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United States Department of Agriculture

Agricultural Research Service

Research Project: Maintaining Quality and Extending Shelf and Shipping Life of Fresh Fruit with No or Minimal Synthetic Pesticide Inputs

Location: Commodity Protection and Quality

Title: Development of PCR assays for diagnosis of the pathogens Phacidiopycnis washingtonensis and Sphaeropsis pyriputrescens in apple fruit

Authors
item Sikdar, P -
item Okubara, Patricia
item Mazzola, Mark
item Xiao, Chang-Lin

Submitted to: Plant Disease
Publication Type: Peer Reviewed Journal
Publication Acceptance Date: September 3, 2013
Publication Date: February 1, 2014
Citation: Sikdar, P., Okubara, P.A., Mazzola, M., Xiao, C. 2014. Development of PCR assays for diagnosis of the pathogens Phacidiopycnis washingtonensis and Sphaeropsis pyriputrescens in apple fruit. Plant Disease. 98:241-246.

Interpretive Summary: Apples may rot during storage or in the market if they are infected by rot-causing pathogens. Two new fruit rot diseases have recently been reported to occur on apples grown in Washington State, which produces over 60% of the nation's apples with the production value exceeding one billion dollars. The two diseases have now been listed as quarantine diseases in certain export markets. Apples are subject to inspection for rots prior to shipping. It is very challenging for inspectors to distinguish the quarantined diseases from other common rots because of the similarity of rot symptoms. In this study, we developed a quick and reliable method using DNA fingerprinting technology to assist with diagnosis of the two quarantine diseases. The new method can also assess the risk of apple fruit infection by these two diseases before harvest and thus help growers implement relevant measures to control them.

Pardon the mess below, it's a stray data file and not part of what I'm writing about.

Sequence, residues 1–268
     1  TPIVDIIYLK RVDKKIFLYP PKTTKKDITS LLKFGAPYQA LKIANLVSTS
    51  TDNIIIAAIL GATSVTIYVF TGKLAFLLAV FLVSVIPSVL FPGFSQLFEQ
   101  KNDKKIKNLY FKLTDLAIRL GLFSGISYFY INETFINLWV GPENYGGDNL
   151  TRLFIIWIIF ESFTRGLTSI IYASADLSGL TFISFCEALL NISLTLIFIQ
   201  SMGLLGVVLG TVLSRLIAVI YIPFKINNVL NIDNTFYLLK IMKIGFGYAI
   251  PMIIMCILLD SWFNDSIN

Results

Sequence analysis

Technical Abstract: Speck rot caused by Phacidiopycnis washingtonensis and Sphaeropsis rot caused by Sphaeropsis pyriputrescens are two recently reported postharvest diseases of apple. Fruit infection by the pathogens occurs in the orchard but remains latent before harvest. Symptoms develop after harvest and are similar to that of gray mold caused by Botrytis cinerea. Accurate diagnosis of these diseases is important to the fruit inspection process, particularly in the instance of fruit destined for export. Early near-harvest detection of latent infections in apple fruit is important to implementation of relevant pre- and postharvest measures for control of these diseases. The aim of this study was to develop PCR assays for disease diagnosis and early detection of latent infection of apple by P. washingtonensis and S. pyriputrescens. Species-specific primers based on sequences of the rDNA internal transcribed spacer region were designed for use in PCR assays. Conventional and real-time PCR assays were developed and validated using fruit artificially inoculated with P. washingtonensis, S. pyriputrescens or B. cinerea in comparison with identifications as determined using traditional isolation-based assays. For wound-inoculated fruit, the PCR assays consistently provided the correct identification of the pathogen used as the inoculant in 6 hours of processing time, compared to 5-6 days using culture-based methods. Real-time PCR assays effectively detected latent infections in symptomless stem and calyx tissues of fruit that were inoculated with the pathogens in the orchard during the growing season. The PCR assays provide a rapid, accurate method for diagnosis and early detection of these diseases.

Last Modified: 8/1/2014
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